Here at the left we have an early seventeenth century example of the Pope in the Bolognese Tarocchino deck. In standard Tarot we have a Pope and a Popess, but on the Tarocchino deck this is much more complicated. Can you see who is the Pope and who is the Popess? I can't, this would be mere speculation. If we want to understand how the Popes are constructed in the Tarocchino deck we have to understand Bologna. The main cities in 15th Century Northern Italy were big and independent. Examples are Milan, Florence and Venice. With more then 100,000 habitants each, they were independent. Then we have the towns between 50,000 and 100,000 habitants. In most cases they belonged to a bigger entity within Italy. Bologna is an example of these towns. Big enough to be independent but too small to achieve this. Bologna was part of the Papal States. So on the Tarocchino card, the Emperor and the Empress  were a little bit misplaced. This was OK for Tarot decks in Milan that was part of the Holy Roman Empire and even for Ferrara with major properties within the Empire. Not so for Bologna. The Popess was also difficult to accept. As a result in Bologna the Empress, Emperor, Popess and Pope were called the four Popes. They had the same value in the game and you will never see their name nor  their rank within the trumps written on the Tarocchino cards.

On the Minchiate deck, originating from Florence but also largely produced in Bologna, they go even further. Remember that Florence is an independent Republic that does not belong to the Papal States nor to the Holy Roman Empire. On the five lowest trumps you see respectively the Street Performer (the Magician), the Empress, the Emperor, again an Emperor and finally the Lovers. So there isn't a Pope, nor a Popess. At least they do not exist visually, if we look at the names of the cards used during the game it becomes different. The official names of these five cards are Papa uno, Papa due, Papa tre, Papa quattro and Papa cinque (Pope one to five). So even if we do not see one single Pope in the deck,  five cards are carrying its name.

The next three cards are all from the Tarot of Marseille family. The first one created around 1559 by Jean Noblet in Paris, the second one in 1651 by Claude Burdel in Fribourg in Swirzerland and the last one in the second half of the 17th Century by Rossini in Torino in Italy. Except some details specific for the regional card production all cards depict a traditional Pope who is blessing two young clerics.

The card of Jean Noblet is the oldest card of the Tarot of Marseille family we know. The card maker is following in many details the design of Jaques Vievil, a deck that was made some years earlier in the same city. The card Of Claude Burdel is special, because it comes from Switzerland that was in great majority protestant and did not represent the Pope any more. In fact the town of Fribourg was a catholic enclave nearly surrounded by the protestant Bern. The Rossini deck is an example of the Piemont style variation on the Tarot of Marseille. Remarque the flower on top of the Pope's staff.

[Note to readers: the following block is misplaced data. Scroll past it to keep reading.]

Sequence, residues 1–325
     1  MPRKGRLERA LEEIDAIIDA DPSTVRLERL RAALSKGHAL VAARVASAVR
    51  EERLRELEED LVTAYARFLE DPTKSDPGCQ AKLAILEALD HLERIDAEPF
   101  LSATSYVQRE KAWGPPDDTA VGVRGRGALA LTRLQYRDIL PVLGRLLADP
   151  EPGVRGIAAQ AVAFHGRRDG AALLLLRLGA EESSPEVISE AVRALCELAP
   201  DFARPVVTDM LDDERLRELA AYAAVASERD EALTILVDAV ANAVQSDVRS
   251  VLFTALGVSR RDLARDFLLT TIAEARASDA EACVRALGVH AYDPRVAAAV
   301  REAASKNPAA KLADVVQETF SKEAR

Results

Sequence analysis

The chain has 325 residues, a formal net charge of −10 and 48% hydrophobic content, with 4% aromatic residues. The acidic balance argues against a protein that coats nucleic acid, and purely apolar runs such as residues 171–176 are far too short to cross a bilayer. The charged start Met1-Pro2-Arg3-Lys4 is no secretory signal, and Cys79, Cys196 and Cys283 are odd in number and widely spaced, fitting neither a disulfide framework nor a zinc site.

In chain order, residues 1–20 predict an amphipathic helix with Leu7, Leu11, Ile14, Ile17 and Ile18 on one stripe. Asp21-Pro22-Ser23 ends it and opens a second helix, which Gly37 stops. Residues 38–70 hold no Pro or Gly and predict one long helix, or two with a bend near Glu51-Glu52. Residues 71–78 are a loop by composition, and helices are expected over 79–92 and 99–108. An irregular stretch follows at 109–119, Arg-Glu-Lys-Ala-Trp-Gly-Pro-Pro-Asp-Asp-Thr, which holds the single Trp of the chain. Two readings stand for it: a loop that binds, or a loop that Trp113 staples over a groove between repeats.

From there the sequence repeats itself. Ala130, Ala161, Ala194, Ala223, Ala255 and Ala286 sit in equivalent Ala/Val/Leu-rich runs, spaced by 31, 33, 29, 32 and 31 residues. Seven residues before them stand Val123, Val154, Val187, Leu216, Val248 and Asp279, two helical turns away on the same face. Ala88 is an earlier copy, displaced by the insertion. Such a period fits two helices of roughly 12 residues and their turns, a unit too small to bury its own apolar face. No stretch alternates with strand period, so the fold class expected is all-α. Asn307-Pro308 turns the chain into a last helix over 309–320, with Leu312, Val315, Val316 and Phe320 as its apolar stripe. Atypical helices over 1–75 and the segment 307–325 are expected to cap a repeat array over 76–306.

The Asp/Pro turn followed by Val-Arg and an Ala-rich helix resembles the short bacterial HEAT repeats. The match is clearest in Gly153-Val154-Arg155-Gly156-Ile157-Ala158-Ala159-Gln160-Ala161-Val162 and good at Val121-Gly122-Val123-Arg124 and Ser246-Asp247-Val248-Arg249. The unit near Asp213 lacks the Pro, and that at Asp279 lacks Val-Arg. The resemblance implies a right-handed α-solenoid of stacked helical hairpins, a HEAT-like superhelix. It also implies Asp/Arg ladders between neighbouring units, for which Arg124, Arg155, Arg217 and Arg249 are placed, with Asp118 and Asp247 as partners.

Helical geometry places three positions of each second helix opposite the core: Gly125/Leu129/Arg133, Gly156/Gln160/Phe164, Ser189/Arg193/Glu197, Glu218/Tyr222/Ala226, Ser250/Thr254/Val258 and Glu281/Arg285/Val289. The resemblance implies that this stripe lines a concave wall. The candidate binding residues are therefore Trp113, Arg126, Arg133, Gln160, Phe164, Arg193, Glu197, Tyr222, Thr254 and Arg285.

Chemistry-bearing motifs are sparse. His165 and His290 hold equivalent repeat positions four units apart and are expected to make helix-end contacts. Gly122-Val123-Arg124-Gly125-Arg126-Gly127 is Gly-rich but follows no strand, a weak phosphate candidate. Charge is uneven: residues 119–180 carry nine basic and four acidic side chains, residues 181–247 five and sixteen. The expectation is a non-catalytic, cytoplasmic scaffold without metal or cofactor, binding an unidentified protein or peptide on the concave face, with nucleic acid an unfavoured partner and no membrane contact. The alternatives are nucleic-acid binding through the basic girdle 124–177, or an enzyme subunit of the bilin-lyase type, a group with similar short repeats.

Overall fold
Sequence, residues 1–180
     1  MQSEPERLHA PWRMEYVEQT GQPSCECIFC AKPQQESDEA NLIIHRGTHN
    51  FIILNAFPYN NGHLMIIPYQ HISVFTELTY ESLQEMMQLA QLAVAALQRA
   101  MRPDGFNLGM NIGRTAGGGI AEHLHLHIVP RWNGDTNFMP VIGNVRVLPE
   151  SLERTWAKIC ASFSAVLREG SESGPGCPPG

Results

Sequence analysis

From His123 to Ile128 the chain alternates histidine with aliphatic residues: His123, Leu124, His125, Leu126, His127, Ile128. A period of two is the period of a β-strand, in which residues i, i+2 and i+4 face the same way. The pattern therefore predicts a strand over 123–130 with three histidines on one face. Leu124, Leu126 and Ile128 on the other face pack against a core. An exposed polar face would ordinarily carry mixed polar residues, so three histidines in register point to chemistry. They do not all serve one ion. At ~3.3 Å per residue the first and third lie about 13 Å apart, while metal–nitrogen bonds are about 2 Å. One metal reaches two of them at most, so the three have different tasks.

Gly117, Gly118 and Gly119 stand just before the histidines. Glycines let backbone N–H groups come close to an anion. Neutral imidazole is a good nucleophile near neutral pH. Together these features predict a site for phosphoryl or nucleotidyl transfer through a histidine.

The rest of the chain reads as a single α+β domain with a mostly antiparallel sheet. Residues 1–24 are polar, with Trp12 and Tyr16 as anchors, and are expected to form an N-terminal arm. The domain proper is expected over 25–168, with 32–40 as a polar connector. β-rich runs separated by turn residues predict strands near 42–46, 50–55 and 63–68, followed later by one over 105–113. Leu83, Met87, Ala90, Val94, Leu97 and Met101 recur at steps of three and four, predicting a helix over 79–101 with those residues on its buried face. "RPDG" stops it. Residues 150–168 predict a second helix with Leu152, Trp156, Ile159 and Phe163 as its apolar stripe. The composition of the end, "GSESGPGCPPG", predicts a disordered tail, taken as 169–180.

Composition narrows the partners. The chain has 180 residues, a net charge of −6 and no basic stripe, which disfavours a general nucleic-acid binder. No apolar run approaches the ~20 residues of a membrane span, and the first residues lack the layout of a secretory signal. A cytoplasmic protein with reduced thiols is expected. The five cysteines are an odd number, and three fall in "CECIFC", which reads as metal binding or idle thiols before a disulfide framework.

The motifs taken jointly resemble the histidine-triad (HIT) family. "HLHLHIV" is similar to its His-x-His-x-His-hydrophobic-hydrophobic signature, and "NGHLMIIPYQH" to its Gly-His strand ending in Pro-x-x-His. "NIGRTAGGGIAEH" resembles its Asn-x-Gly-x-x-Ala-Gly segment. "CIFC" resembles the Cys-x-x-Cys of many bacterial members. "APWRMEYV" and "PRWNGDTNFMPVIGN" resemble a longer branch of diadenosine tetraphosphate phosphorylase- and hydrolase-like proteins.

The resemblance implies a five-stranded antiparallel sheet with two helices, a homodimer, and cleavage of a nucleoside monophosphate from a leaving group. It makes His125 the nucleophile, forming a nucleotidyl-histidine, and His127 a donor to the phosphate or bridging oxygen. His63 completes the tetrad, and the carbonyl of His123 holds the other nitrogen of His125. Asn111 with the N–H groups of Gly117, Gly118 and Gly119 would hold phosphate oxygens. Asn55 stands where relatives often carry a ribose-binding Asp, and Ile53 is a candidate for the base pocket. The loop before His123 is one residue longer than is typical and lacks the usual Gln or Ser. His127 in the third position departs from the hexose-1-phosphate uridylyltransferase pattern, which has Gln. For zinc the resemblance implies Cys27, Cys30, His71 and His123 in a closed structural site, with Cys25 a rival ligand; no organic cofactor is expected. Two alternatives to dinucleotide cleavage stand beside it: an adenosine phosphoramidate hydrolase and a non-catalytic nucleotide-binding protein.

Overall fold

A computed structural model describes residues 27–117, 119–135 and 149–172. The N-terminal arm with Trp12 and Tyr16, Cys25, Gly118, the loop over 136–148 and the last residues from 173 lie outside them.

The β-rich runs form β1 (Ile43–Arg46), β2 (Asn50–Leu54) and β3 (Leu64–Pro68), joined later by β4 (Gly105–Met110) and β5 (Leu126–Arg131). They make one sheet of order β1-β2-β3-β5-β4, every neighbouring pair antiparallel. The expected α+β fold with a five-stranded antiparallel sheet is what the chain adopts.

The Reformation period ended the domination of the Roman Catholic religion in big parts of Europe. Especially the regions with Germanic languages converted in mass to Protestantism, be it Evangelic, Presbyterian, Lutharian reformed, Calvinistic reformed, or another form. Protestantism does not have a central authority and it exists in many flavors. On the Tarot cards the Pope was replaced by other symbols.

The most commonly used symbol was the image of Jupiter, the Roman Upper God, as we see it on the first card on the left. This card is from the so called Tarot of Besançon, that became the standard model for the "reformed" Tarot of Marseille in German spealing Western Europe. This specific card is from a deck made somewhere in the 18th Century by Joseph Krebs in Freiburg am Brisgau, a town in Germany in the Black Forest, close to the French town of Colmar just on the other side of the river Rhine. The model first appeared in the French (but German speaking) town Besançon and was widely used in the French Alsace, Germany and Switserland.

The second card is a Swiss variation on the Tarot of Besançon, made in the beginning of the 19th Century by J.Müller in Schaffhouse. This Swiss variation of the Tarot of Besançon is commonly called the 1JJ Tarot.

The third card is a variariation on the deck of Jaques Vievil that appeared first in Flanders, a Dutch speaking region shared by Belgium and France. On the card we see the Roman God of Wine, Bacchus. In this way the cardmakers ridiculized the worldly passions of the Roman Catholic Popes, that was one of the main reasons for the Reformation. This particular card is from a deck made around 1785 by François-Jean Vandenborre in Brussels. All three cards shown here are from decks conserved in the British Museum, although many copies exist elsewhere.

As said before, in countries speaking Latin languages, the Pope card continued to exist. From left to right the 1810  Tarot of Lombardy, next the 1835 Dellarocca Tarot and finally the 1889 Oswald Wirth Tarot. The first two decks are printed by the Milanese printer Gumppenberg and the third deck is produced by the Swiss occultist Oswald Wirth himself. In contrary to his French collegues, Oswald Wirth is depicting the image of the Pope in the traditional way.

Antoine Court de Gébelin began his career as a Protestant pastor. In 1781, in volume VIII of Le Monde Primitif, he introduced the name The Hierophant to replace The Pope in the Tarot deck. The word Hierophant is a name coming from ancient Greece and was used for a specific type of priest, who interpreted sacred mysteries. Some cardmakers, like in 1893 the Italian Vachetta, started to use this name on their Tarot decks instead of the Pope. Since the order of the Golden Dawn, and specifically A.E.Waite embraced this term, 95% of all Tarot decks started to use the term Hierophant term instead of the Pope.

From left to right we have here a German version of the Rider Waite Smith deck, the card corresponding to the Pope of the Xultun Tarot, created by Peter Balin in 1976 and the High Priest of the unpublished Russian Propaganda Style Tarot, created in 2010 by FracOcon. As you can see, even if nowadays the Hierophant dominates, the Pope can take any image and name an artist wants.

In the original Tarot, there where the Popess represents the Allegory of the Church, the Religion such as Jezus Christ created it, the Pope stands for the Institution of the Roman Catholic Church itself, the authority of the Pope and the Church as an Institution, the Dogma's in the Church and the Inquisition as it existed during the Middle Ages and the Early Renaissance. In the Popess your relation to God is the central subject, in the card representing the Pope, it is your submission to the laws and dogmas of the Religious Institutions that matters (be it the Roman Catholic Church, an Evangelic Sect,  the Mayan Priests or Russian Communisme).